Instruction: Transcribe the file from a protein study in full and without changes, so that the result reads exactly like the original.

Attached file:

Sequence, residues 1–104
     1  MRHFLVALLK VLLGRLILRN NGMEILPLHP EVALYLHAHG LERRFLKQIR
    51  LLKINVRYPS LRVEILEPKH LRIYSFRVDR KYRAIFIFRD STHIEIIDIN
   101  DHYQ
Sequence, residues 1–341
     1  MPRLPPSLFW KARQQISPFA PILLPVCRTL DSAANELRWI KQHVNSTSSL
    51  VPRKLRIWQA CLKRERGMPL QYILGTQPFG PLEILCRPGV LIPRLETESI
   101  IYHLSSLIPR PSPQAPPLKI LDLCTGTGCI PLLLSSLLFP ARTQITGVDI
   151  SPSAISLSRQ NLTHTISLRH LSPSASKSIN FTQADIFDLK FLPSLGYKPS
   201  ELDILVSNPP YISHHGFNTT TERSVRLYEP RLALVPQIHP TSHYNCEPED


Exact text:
Sequence, residues 1–104
     1  MRHFLVALLK VLLGRLILRN NGMEILPLHP EVALYLHAHG LERRFLKQIR
    51  LLKINVRYPS LRVEILEPKH LRIYSFRVDR KYRAIFIFRD STHIEIIDIN
   101  DHYQ
Sequence, residues 1–341
     1  MPRLPPSLFW KARQQISPFA PILLPVCRTL DSAANELRWI KQHVNSTSSL
    51  VPRKLRIWQA CLKRERGMPL QYILGTQPFG PLEILCRPGV LIPRLETESI
   101  IYHLSSLIPR PSPQAPPLKI LDLCTGTGCI PLLLSSLLFP ARTQITGVDI
   151  SPSAISLSRQ NLTHTISLRH LSPSASKSIN FTQADIFDLK FLPSLGYKPS
   201  ELDILVSNPP YISHHGFNTT TERSVRLYEP RLALVPQIHP TSHYNCEPED